Last week, I talked about quick-sketch reviews on the packs in Theros, using tiers as a shorthand for pack management. What I’d like to do today is talk a bit more about the unique Limited environment created by the crew at WOTC.
Theros is interesting in that your sideboard really matters. A lot of the cards can vary wildly in strength depending on the matchup, so keeping track of your board and moving in the correct cards will be key in games two and three. Quick example: [ccProd]Sip of Hemlock[/ccProd] can be pretty bad in a controlling deck against an aggressive strategy, as the mana cost and lack of instant speed often has too little impact and is too late to the party. Conversely, using Sip at the top end of an aggressive black/red deck can be fantastic, blowing a key blocker out of the way and dealing some damage, destroying the opponent’s combat math. [ccProd]Divine Verdict[/ccProd] is almost the exact inverse—great for the control decks, but mediocre at helping an aggressive strategy push through the final points of damage.
So what really defines this format? Is it fast? Slow? Midrange-y? All of the above? Typically when we look at a format’s characteristics, we are looking for the quality and quantity of removal, the curve of the creature base, the power of the combat tricks and any inherent synergies.
Gatecrash was fast, with tons of removal, cheap aggressive creatures, and a messy two-color mana base that resulted in a lot of free wins for the aggro player. Innistrad was slower (outside of [ccProd]Invisible Stalker[/ccProd] nonsense) with a lot to do with your mana as the game went on, allowing you to build combo-ish decks with [ccProd]Spider Spawning[/ccProd]. How does Theros fall on this spectrum?
First, the removal. It’s not spectacular, but there are some decent spells. [ccProd]Lightning Strike[/ccProd], [ccProd]Voyage’s End[/ccProd], [ccProd]Griptide[/ccProd], and [ccProd]Time to Feed[/ccProd] are all quite good, as are [ccProd]Pharika’s Cure[/ccProd] and [ccProd]Divine Verdict[/ccProd] in the right matchup. [ccProd]Time to Feed[/ccProd] looks pretty bad when you compare it to [ccProd]Prey Upon[/ccProd], but it’s all within the context of the format. Stapling life gain onto it has a lot of value. The rest are playable, but you won’t want more than one in your deck in most cases. I would have to say that the removal is not a format definer, it’s neither overpowered or notably weak.
How about the curve? This is where we start to see a lot of discrepancy. Once you factor in the uncommons, there are a surprisingly high number of powerful 1-3 drops in the set—particularly in white and red. Green and black want to play higher in the curve, slamming massive 5-drops onto the table as soon as possible. Blue has most of its solid drops at 2-3 mana. The bestow mechanic also gives these lower curve decks a way to utilize their mana in the 4-6 range without giving up the tempo of the early drops. What is interesting about this is that it really varies by archetype, so depending on which matchup you face, you may have a very different set of priorities. This makes it hard to give Theros a one-size-fits-all approach.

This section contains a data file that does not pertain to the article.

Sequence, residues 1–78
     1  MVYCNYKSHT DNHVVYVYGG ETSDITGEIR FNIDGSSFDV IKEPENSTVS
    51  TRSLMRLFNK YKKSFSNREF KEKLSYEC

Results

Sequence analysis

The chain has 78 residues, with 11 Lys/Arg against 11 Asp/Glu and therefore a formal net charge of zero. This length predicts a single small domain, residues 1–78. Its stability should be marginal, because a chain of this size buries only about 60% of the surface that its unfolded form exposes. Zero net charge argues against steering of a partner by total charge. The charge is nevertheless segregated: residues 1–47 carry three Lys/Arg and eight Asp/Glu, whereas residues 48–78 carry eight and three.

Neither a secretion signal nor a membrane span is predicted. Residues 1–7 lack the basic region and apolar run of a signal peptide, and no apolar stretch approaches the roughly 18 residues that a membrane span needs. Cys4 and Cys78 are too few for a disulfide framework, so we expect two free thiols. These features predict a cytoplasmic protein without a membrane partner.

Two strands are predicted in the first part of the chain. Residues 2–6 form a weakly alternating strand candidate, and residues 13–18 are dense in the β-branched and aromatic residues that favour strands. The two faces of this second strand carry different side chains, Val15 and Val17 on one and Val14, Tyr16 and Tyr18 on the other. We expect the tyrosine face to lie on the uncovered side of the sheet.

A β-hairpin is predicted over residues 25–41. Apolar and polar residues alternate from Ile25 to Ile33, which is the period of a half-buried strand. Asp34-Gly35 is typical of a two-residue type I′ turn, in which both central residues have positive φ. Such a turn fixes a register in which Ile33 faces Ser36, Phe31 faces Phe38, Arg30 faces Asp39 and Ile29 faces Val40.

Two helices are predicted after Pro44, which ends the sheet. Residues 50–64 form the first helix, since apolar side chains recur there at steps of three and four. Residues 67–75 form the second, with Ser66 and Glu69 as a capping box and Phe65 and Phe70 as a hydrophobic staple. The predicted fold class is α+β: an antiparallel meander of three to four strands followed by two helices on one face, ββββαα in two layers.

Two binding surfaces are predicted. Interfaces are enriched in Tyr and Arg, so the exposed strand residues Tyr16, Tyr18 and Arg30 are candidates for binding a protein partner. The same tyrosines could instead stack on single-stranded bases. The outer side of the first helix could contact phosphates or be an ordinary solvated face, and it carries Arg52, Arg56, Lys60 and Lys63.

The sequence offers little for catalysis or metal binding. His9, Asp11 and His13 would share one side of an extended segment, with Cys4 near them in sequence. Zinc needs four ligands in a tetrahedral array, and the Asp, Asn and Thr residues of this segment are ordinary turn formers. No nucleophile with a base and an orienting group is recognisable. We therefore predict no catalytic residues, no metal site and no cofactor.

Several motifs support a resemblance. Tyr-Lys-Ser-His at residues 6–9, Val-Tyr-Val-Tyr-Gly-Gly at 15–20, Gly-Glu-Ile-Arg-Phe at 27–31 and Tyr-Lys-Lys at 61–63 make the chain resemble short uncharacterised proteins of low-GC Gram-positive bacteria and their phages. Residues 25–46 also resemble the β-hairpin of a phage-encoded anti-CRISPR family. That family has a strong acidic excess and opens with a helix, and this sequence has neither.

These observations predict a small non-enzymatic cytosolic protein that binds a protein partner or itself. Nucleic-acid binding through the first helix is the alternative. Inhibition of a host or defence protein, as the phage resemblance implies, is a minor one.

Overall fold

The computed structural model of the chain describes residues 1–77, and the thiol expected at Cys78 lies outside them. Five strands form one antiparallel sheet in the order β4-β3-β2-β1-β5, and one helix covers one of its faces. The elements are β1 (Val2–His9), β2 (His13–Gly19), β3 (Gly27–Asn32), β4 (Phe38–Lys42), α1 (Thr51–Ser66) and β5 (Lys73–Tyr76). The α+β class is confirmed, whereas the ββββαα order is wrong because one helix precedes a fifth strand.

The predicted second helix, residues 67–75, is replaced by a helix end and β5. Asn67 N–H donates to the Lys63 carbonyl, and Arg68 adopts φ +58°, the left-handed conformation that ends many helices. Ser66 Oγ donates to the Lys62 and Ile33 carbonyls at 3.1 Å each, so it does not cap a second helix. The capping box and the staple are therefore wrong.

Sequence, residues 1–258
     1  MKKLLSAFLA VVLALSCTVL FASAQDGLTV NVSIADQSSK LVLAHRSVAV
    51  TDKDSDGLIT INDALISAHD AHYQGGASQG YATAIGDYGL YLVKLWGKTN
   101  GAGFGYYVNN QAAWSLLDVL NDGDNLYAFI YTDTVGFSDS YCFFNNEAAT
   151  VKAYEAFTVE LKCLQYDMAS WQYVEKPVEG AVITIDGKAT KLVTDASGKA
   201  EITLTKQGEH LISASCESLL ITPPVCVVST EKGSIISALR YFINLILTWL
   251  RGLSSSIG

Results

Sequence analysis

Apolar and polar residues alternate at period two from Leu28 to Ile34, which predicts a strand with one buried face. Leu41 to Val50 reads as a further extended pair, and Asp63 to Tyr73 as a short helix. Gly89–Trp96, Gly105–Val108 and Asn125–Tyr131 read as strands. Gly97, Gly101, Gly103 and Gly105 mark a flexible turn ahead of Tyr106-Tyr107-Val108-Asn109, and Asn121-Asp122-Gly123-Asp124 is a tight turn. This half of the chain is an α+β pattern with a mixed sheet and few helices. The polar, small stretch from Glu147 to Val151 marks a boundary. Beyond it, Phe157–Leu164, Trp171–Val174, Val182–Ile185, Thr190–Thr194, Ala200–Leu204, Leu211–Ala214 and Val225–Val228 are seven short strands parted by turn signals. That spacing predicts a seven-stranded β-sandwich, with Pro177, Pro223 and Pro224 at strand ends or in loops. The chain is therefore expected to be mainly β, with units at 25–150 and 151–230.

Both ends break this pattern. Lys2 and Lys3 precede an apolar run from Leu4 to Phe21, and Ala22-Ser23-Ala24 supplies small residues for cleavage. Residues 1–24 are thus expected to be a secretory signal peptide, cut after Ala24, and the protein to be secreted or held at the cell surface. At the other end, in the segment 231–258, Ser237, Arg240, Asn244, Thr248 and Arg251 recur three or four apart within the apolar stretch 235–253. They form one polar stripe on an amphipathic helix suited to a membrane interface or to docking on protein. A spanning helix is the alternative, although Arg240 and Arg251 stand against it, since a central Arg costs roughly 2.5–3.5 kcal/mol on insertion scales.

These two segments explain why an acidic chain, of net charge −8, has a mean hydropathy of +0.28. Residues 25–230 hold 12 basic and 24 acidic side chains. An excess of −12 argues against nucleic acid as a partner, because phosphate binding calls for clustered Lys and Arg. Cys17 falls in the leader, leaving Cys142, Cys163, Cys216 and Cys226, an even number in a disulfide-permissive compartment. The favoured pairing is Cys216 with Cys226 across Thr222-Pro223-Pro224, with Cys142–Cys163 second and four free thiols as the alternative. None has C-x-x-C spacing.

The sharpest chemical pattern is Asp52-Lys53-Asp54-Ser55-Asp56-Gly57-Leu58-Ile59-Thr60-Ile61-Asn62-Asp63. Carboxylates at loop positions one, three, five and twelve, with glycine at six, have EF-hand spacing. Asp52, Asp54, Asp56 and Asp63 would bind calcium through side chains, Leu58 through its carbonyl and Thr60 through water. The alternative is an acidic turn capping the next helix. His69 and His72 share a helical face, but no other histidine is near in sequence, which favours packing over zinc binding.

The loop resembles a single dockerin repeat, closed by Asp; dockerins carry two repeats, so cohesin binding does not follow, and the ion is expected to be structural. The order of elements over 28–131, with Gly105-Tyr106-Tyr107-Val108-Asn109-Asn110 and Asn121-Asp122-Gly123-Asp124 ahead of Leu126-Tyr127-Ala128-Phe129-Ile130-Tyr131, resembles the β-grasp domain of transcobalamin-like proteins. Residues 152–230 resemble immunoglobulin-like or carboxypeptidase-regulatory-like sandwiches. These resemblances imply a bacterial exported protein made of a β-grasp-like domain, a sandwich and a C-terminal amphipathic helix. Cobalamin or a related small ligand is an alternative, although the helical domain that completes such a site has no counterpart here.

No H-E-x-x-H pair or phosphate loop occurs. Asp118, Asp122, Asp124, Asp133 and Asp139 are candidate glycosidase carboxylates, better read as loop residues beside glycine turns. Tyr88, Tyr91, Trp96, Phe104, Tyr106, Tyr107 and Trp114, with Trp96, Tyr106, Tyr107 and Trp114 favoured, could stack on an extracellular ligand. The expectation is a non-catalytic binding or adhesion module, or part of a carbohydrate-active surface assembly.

The mana in Theros is better than in most forced gold sets as well. You can really cement one color as your primary and have a mid-light splash of a second color. This allows for a lot of 10/7 mana bases, which tend to be the most stable (sometimes as light as 9/6 for very aggressive decks). Generally fewer games will be decided by one player not being able to cast spells. Blue really shines here, as nearly all of its cards are wonderful as splashes, while not demanding the double colors of the others.
Combat tricks are pretty awesome in Theros. If you asked me for a stand-out element, this is the where I would look. You have excellent, cheap tricks that also fix your draws ([ccProd]Gods Willing[/ccProd], [ccProd]Titan’s Strength[/ccProd], [ccProd]Battlewise Valor[/ccProd]). Auras that replace themselves ([ccProd]Scourge Mark[/ccProd], [ccProd]Dragon’s Mantle[/ccProd], [ccProd]Chosen by Heliod[/ccProd]), leave a permanent pump (Ordeals), or become creatures ([ccProd]Nimbus Naiad[/ccProd], [ccProd]Leaf Crown Dryad[/ccProd], etc.). Finally, the standalone tricks such as [ccProd]Triton Tactics[/ccProd], [ccProd]Coordinated Assault[/ccProd], or [ccProd]Dauntless Onslaught[/ccProd] are just absurd for their cost. There are so many that I think we can lose sight of how good they are—it also makes it very hard to play around all of them.
So where does that line of thought bring us? If blocking is for suckers and the removal is okay, but not great, how does a more controlling, midrange strategy compete? Not everyone at the table can draft an aggressive deck, so if we want to be slower, but successful, how do we go about it? The answer is that lifelink and deathtouch are particularly powerful in this environment.
Traditionally cards that gain life don’t get much consideration for Limited, as card advantage is typically much more important. However, Theros draft archetypes look a lot closer to Constructed decks than Limited ones. Because of this, synergy, curve, and tempo all play a much larger role than they did in full RTR block. This is fairly typical when you have 3 packs from the same set vs. 3 different packs. The ability to get multiple commons/uncommons allows for more consistency in your deck and can reinforce a linear approach. In regard to gaining life, this becomes key against the faster aggro decks, just as plopping down multiple [ccProd]Obstinate Baloth[/ccProd]s (or 3 stupid Elephants for those that remember the original Ravnica in Constructed) can stone wall a red blitz strategy. Most Limited formats don’t allow for such a smooth, early, and aggressive curve as what can be developed in Theros. To be competitive, the good guys (midrange in this case) need to stabilize above all other concerns, and gaining life gives you the time and breathing space to do so.